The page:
CareFirst changing tack

Proposal: A dose of legislative opposition gives the health provider reason to rethink its approach to the proposed sale.

April 12, 2002|By M. William Salganik | M. William Salganik,SUN STAFF

Trying to reverse a tide of opposition to its planned acquisition, CareFirst BlueCross Blue- Shield will stress the benefits for the public rather than its business needs, William L. Jews, CareFirst's president and chief executive officer, said yesterday.

An agreement to sell CareFirst for $1.3 billion to WellPoint Health Networks of California encountered a political storm in the General Assembly that threatened to scuttle the deal altogether. The company, which had not anticipated a tough review in the legislature, hurt its cause, according to legislators and others.

"I don't know who was plotting their strategy, but ... everything they did was wrong," said Minor Carter, a lobbyist who represented Maryland Cares!, a coalition of groups opposed to CareFirst's efforts to sell and convert to for-profit operation.

"We've got a textbook case here of how not to sell a conversion to a state legislature," said House Speaker Casper R. Taylor Jr., a powerful voice in shaping health policy in Annapolis. "It was abominably handled."

Now, Jews said, CareFirst will try to focus discussions on the benefits of the deal and on how Maryland can best provide affordable health coverage. During an interview, he repeatedly spoke of the tens of millions of dollars the sale would generate for Maryland's health needs.

While it will shift the emphasis of its message, Jews said, CareFirst doesn't plan a drastic change in how it delivers that message. It will continue to talk to legislators, send representatives to community meetings and present its case to regulators, he said.

After polling focus groups and public relations consultants, however, Jews continued, CareFirst doesn't plan a "mass campaign" to win public support or look for more involvement from WellPoint.

Just before the final gavel came down Monday, the General Assembly approved measures attaching more conditions to the proposed sale but stopped short of blocking it altogether. WellPoint says it is still studying the legislative actions, particularly a requirement that the deal be in cash rather than a mix of cash and stock, before deciding whether to proceed. Jews, however, said yesterday that CareFirst would move forward in trying to sell the deal.

He did not say CareFirst had made serious errors in tactics, arguing that many of CareFirst's actions leading to this legislative session were constrained by law or circumstances. "What we have to do better is not having this transaction be the lightning rod," he said. What is needed is "a systemic look at health care as to access, as to financing, as to quality of care," that would include a discussion of CareFirst's role in that future, Jews said.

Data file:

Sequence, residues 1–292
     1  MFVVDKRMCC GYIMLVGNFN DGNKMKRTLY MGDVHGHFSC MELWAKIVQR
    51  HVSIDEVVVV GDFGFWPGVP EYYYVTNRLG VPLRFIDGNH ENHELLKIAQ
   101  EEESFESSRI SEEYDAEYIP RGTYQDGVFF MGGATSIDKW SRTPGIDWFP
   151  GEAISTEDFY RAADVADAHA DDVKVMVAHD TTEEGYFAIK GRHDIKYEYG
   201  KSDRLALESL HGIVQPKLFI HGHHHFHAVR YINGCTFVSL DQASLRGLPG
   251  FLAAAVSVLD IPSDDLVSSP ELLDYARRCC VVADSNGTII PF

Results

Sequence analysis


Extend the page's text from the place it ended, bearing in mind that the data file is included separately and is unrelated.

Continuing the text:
Much of the opposition focused on management bonuses. A filing with the state insurance administration last month disclosed that CareFirst executives would collect $33.2 million - including $9.1 million for Jews - if the sale were completed.

The bonuses were "the biggest poke in the eye" to the legislature, said Clifford A. Hewitt, an analyst for Legg Mason Wood Walker in Baltimore who follows WellPoint. Their reaction was reflected in the vote in the House of Delegates on a bill to ban the bonuses - 137-0.

Also, the bonuses made it easy for critics to question the motivation of CareFirst's management. "You have a quasi-public entity locked into a sale by managers who may not be acting in the public interest but in their own interest," said Carl Schramm, a health economist who wrote a report critical of the conversion.

"The merger incentives were jaw-dropping numbers," said Insurance Commissioner Steven B. Larsen, who has maintained neutrality on the deal, because he will review it, but watched the legislative process closely. "The fact that the management and board didn't anticipate the reaction - or anticipated it and chose to go ahead anyway - reflects the complete disconnect between management and the board and what the public sentiment is."

Jews defended the bonuses yesterday, saying, "If there's anything I'd like you to really get and understand, it's this: None of us entered into this transaction believing that money for us, individually, was a factor."

He said CareFirst's directors approved the bonus plan to hold key managers through the transition. CareFirst's leaders realized there would be political fallout, he said. "Did we think about that? Absolutely. But if, in fact, you do the wrong thing, have you not disserved the Maryland citizens?"

Legislative skepticism toward CareFirst began long before the bonus plan became public. While CareFirst had been viewed as an "insurer of last resort," it pulled out over the past few years of the Medicare HMO program for seniors and the state's Medicaid program for the poor. "Their behavior in recent years has done a lot to their public relations," Taylor said.

Jews said CareFirst left those markets because the rates it was paid made it impossible for the company to pay doctors adequately and remain solvent.

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